Luxe

Rallying through life

Sooraj Rajmohan | Updated on January 09, 2018
Pride of place: Rare vintage cars such as Buicks, Austins, Mercedes and BMWs are lined up and tended to lovingly in Ravi Prakash’s garage. Photo: Sampath Kumar GP

Pride of place: Rare vintage cars such as Buicks, Austins, Mercedes and BMWs are lined up and tended to lovingly in Ravi Prakash’s garage. Photo: Sampath Kumar GP   -  The Hindu

Old faithful A 1909 Wolseley finds place in Prakash’s garage

Petrolheads: (From right to left) Ravi Prakash, his daughter Rupali and wife Sabena

Petrolheads: (From right to left) Ravi Prakash, his daughter Rupali and wife Sabena

First wheels: An 1886 Benz Patent Motorwagen, invented by Karl and Berta Benz and the first vehicle to run on gasoline

First wheels: An 1886 Benz Patent Motorwagen, invented by Karl and Berta Benz and the first vehicle to run on gasoline

Ravi Prakash’s collection of cars spans vehicles from manufacturers across the world going back over two centuries

Beyond a little blue gate next to a bus depot in Rajarajeshwari Nagar, located on the outskirts of Bengaluru’s urban sprawl, lies a hidden paradise filled with automotive heritage. A 14-and-a-half acre farm that contains five garages is home to a collection of classic cars, dating all the way back to the 1800s.

This property belongs to Ravi Prakash, a former cardiothoracic surgeon who has turned his lifelong love for cars into a passion project. Prakash, who used to get behind the wheel of his father’s Ambassador at an early age, also owned a 125cc Honda twin cylinder motorcycle by the time he was 14. Around this time, his grandfather bought four-and-half-acres of the property that I currently stand on, which Prakash extended by another 10 acres in the early ’90s.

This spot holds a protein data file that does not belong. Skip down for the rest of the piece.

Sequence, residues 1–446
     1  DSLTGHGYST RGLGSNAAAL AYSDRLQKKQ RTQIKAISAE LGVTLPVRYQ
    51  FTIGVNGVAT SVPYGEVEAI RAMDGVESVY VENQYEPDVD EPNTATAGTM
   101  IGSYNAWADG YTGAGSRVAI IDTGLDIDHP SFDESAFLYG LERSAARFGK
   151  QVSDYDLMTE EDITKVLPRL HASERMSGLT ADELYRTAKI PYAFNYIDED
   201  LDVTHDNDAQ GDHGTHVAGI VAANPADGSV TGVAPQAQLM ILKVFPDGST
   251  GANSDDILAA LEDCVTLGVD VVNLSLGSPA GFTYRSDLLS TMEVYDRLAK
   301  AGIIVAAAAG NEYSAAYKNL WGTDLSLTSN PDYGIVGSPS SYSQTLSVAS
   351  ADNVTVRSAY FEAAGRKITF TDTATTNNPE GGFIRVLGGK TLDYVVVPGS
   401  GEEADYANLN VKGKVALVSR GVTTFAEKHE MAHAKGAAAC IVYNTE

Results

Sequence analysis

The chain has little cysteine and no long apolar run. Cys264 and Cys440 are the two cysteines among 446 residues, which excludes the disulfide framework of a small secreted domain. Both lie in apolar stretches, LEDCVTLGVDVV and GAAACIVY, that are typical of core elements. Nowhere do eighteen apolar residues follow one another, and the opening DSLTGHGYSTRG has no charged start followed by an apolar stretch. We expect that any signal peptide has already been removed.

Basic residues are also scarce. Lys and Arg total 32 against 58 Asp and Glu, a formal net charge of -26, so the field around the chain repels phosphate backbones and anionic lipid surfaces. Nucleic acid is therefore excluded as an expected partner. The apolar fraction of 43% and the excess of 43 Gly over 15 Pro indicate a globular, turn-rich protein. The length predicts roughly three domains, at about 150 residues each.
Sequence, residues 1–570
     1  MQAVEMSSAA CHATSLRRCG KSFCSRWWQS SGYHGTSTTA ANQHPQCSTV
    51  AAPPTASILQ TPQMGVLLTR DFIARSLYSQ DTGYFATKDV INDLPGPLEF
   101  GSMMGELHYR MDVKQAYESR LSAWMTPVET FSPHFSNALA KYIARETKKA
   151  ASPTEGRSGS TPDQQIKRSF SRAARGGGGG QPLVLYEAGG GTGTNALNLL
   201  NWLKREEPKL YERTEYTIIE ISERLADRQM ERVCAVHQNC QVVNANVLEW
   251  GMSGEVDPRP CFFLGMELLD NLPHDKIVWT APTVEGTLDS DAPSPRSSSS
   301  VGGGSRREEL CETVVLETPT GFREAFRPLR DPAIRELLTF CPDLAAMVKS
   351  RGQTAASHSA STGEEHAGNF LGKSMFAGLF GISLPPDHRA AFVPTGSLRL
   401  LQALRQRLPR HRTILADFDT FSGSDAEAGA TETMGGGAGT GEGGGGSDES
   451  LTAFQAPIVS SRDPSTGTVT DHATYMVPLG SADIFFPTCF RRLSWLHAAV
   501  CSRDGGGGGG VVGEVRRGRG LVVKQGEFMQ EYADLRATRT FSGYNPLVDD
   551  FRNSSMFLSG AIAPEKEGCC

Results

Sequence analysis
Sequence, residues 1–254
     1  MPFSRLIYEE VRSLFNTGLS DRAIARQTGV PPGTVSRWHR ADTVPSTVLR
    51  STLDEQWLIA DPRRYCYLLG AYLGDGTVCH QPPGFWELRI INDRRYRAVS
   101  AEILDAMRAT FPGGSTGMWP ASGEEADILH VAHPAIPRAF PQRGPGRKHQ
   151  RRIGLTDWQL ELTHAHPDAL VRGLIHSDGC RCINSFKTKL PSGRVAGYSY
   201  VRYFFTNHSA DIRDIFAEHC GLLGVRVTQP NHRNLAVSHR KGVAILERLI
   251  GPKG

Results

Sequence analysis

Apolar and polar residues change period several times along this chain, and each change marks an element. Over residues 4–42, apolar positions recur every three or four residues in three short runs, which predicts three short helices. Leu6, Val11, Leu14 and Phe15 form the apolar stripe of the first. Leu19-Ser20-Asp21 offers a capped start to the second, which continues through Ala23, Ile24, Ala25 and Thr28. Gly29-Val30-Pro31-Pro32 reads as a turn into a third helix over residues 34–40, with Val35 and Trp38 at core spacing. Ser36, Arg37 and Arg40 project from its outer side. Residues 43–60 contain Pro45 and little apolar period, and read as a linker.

Inside that little blue gate, the place is relatively untouched by time. A dirt road weaves through the trees with garages dotting it on either side, but our first stop is the doctor’s office, for a little dose of history. In the large reception area stand the oldest members of Prakash’s collection, a wooden-frame bicycle from the 1860s and a high-wheeled penny-farthing from the 1870s. Occupying pride of place next to them is an 1886 Benz Patent Motorwagen, invented by Karl and Berta Benz and the first vehicle to run on gasoline. This particular one is among the 25 from the original production run.

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The beginning

Within his large office space, Prakash sheds more light on how it all began. At a little over the age of 16, he joined medical school at St John’s National Academy of Health Sciences in Bengaluru, and two years later, started competing in races and rallies with friends from Mysore.

“I knew this was not something I could continue doing as a doctor, and it so happened that during a trip to Sholavaram to attend a rally in 1979, I saw a classic car that caught my eye, which a friend informed was for sale,” he says, sipping the jasmine-flavoured tea acquired during a recent trip to Sri Lanka.

Prakash met its owner, an Army General, and decided he couldn’t afford the ₹40,000 asking price, but still helped out the family when the General fractured his leg later the same day. That car, a 1937 Sunbeam-Talbot two-litre, which was originally shipped to India from Britain with another Sunbeam intended for Lord Mountbatten, became the first car in Prakash’s collection, willed to him after the General’s death, in 1979.

After his marriage in 1987, this car was often used by his wife Sabena, who runs a nursery on the farm premises, for classic car rallies. Rupali, his daughter, a classic automotive illustrator and petrolhead in her own right, runs a venture named Classic Chase. In other words, Rupali creates illustrated items for automotive clubs and the like, and offers some of the vehicles at the garage for special events. They try to get people interested in restoration through talks at colleges, and through Classic Chase products.

“There are so many mechanical engineering students who take up the course wanting to get their hands dirty, but end up working behind computers at modern automotive facilities. Working with vintage cars gives people the opportunity to work with so many vehicles from different manufacturers and time periods,” she says, as we enter the first garage down the road from the offices.

Dedicated to the larger vehicles in the collection, this one features massive carriages off to one side, with a variety of signal lamps adorning the walls around a pool table tucked away behind a light blue 1909 Wolseley.